As global passenger demand for air travel is set to double by 2035, most analysts predict that Asia-Pacific will lead the way, but the African airline sector will not be far behind. The top ten fastest-growing markets for air travel in percentage terms will be in Africa: Sierra Leone, Guinea, Central African Republic, Benin, Mali, Rwanda, Togo, Uganda, Zambia and Madagascar. They will grow by more than 8% each year on average over the next 20 years, doubling in size each decade.
With that opportunity in mind, CellPoint Mobile had the honor to attend last year’s 49th Annual General Assembly for the African Airlines Association (AFRAA) in Rwanda. As a proud member of AFRAA, we were delighted to meet with representatives from African airlines and discuss the continent’s growing opportunities for mobile commerce.
African Airlines and Revenue Generation
African airlines have an advantage because although they have one of the youngest aviation sectors in the world, they are also “taking off” in a time of rapid growth for the travel sector. Of course, there are headwinds – air travel requires massive capital investment just to keep carriers flying. Adding to that pressure, airlines are competing with online travel agencies and “big tech” companies such as Google for more market share of travelers with mobile devices. To stay competitive (and relevant to the market), airlines are investing in robust mobile booking engines, and adding new alternative payment methods (APMs), such as Apple Pay or Samsung Pay.
This is the mobile-first environment in which the African airline sector will grow over the next 20 years. Countries such as Kenya, Rwanda and South Africa have already built strong aviation industries, and that is a major accomplishment for any country – because it demonstrates a commitment to capital investment, but also to human achievements in science and engineering. This is a credit to Africa’s universities and business culture.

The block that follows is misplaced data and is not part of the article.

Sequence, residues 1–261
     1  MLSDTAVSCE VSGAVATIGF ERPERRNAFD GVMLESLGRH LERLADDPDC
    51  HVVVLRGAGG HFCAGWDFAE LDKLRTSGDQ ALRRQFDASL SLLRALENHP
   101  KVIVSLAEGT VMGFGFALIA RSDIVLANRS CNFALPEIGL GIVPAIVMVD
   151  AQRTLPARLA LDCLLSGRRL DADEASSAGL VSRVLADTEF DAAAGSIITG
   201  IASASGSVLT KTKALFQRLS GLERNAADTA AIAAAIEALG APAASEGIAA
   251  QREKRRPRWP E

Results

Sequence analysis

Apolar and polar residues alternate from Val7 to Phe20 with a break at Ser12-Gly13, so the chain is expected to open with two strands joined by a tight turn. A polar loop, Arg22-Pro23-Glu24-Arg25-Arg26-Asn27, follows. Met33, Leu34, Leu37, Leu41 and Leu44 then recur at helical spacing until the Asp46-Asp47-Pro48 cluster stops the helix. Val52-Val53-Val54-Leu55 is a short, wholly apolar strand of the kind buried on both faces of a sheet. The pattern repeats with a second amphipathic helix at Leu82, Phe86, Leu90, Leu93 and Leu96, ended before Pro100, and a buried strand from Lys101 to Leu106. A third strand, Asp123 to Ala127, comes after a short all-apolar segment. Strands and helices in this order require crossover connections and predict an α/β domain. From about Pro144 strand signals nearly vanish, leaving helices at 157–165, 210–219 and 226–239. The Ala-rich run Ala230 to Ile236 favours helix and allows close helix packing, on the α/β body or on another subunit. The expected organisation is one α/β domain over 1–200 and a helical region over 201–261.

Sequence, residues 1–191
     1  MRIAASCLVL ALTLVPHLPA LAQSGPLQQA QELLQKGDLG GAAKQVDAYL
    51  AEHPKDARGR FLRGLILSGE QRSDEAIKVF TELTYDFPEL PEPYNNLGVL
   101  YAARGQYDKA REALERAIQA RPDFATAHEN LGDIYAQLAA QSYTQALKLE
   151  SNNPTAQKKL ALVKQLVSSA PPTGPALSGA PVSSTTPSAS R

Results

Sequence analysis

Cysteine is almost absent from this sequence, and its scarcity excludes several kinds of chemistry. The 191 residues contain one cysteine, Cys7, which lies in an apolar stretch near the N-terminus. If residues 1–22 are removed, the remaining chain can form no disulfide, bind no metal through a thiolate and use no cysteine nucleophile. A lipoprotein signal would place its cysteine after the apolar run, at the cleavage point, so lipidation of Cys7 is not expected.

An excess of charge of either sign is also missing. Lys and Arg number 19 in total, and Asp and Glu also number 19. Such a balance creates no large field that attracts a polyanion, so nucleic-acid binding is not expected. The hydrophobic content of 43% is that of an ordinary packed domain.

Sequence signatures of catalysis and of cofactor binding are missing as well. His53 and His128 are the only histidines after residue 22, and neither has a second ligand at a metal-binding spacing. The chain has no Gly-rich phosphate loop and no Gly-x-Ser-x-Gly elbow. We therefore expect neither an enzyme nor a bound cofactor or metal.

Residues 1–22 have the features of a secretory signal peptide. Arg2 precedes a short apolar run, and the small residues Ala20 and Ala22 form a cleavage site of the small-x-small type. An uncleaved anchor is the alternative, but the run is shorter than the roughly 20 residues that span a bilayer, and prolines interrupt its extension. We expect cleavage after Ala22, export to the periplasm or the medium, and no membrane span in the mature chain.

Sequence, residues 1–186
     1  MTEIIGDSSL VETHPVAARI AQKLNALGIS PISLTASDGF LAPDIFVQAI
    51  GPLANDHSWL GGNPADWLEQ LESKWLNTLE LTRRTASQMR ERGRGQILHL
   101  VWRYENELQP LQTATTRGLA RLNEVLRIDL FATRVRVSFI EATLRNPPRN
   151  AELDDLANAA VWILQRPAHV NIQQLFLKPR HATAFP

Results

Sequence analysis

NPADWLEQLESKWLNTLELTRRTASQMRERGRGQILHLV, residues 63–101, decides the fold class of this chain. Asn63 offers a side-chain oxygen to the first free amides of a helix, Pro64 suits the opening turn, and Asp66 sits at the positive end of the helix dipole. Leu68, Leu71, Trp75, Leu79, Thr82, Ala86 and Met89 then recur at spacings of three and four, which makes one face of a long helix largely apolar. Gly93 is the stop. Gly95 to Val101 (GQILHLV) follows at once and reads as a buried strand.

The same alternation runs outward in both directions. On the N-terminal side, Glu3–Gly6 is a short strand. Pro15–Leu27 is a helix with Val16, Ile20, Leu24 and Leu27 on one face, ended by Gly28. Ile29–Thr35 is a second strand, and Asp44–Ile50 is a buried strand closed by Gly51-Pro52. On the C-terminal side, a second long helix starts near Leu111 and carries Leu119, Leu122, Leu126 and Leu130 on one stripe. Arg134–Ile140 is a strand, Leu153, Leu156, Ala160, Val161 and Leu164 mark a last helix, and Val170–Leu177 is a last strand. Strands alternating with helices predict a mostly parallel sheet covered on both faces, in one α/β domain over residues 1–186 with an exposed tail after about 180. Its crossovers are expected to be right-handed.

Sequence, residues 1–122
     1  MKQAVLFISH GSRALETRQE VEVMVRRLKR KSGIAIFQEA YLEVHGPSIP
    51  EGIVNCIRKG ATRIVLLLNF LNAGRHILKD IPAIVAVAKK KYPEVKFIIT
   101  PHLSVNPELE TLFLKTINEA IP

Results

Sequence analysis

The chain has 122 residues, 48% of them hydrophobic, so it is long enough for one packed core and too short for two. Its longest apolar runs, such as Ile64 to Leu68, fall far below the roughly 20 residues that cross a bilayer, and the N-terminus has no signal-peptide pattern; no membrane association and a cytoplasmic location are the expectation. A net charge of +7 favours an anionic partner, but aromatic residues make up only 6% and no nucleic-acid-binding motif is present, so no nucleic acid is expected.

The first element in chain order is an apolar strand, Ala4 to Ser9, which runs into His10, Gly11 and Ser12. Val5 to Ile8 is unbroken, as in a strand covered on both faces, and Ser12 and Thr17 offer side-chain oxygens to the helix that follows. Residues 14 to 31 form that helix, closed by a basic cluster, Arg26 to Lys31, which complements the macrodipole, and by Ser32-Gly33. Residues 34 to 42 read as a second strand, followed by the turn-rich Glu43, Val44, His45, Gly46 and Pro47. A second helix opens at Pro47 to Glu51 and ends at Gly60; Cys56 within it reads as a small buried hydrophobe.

What African airlines will need, going forward, is a similar commitment to travel technology on the demand side. Capital investment is a critical prerequisite, but it ultimately means nothing unless airlines can book more flyers, and incrementally increase ancillary revenue on every transaction. African airlines will need to invest in mobile-first solutions for booking and payments, or they will struggle to stay relevant in a travel market where almost everything – including booking, payments, ticketing, travel management and loyalty – happens on smartphones. According to The Economist, smartphone subscriptions in Africa have risen from about 129 million in 2007 to around 1 billion – particularly concentrated among those with higher levels of income and education, and who tend to live in cities.
Travel Supply Chains and Mobile-First Commerce
With a mobile-first approach, African airlines can increase passenger demand and generate higher revenue, but they also must improve the supply chain by which they distribute travel inventory to mobile users. Ultimately, airlines want to reach the right customer, with the right offer, at the right time, and through the right mobile channel. This means scaling booking engines, payment platforms and other travel systems across billions of mobile transactions, every day. How will African airlines expand globally without the ability to capture more demand and revenue on the digital side of travel?
Around the world, everyone knows the story of M-Pesa in Kenya, who introduced mobile payments to a continent which has no extensive payments infrastructure, making it easier for people across the economic spectrum to make financial transactions and engage in commerce. As the African airline industry grows, carriers will need to make it easier and faster for passengers to book, pay for and manage travel directly from their smartphones. On the operational side, airlines are making the shift to digital procurement because every gain in efficiency has a direct impact on business and revenue. In the next three years, the Middle East and Africa (MEA) region will increase digital travel sales by $17 billion. African airlines have an opportunity to make the transition to mobile-first commerce and to prepare for 2021, when the global digital travel market will reach $855 billion.
With more than 200 airlines in Africa, carriers have critical needs for mobile architecture that can process data more efficiently, increase revenue capture, create better user experiences and turn mobile “lookers” into “bookers.” CellPoint Mobile offers a seamless process for passenger booking and ticket payment, while simultaneously supporting revenue enhancing up-selling and cross-selling opportunities, including loyalty programs. With CellPoint Mobile’s solutions in place, African airlines can capture higher mobile revenues and streamline their path to profits.
For more of our perspectives on the African airline sector, we invite you to check out the speaker presentation we gave at the AFRAA AGA – here’s a link. We also made an appearance on CNBC Africa after the conference to discuss how African airlines can tap into e-commerce for growth (you can watch the interview here).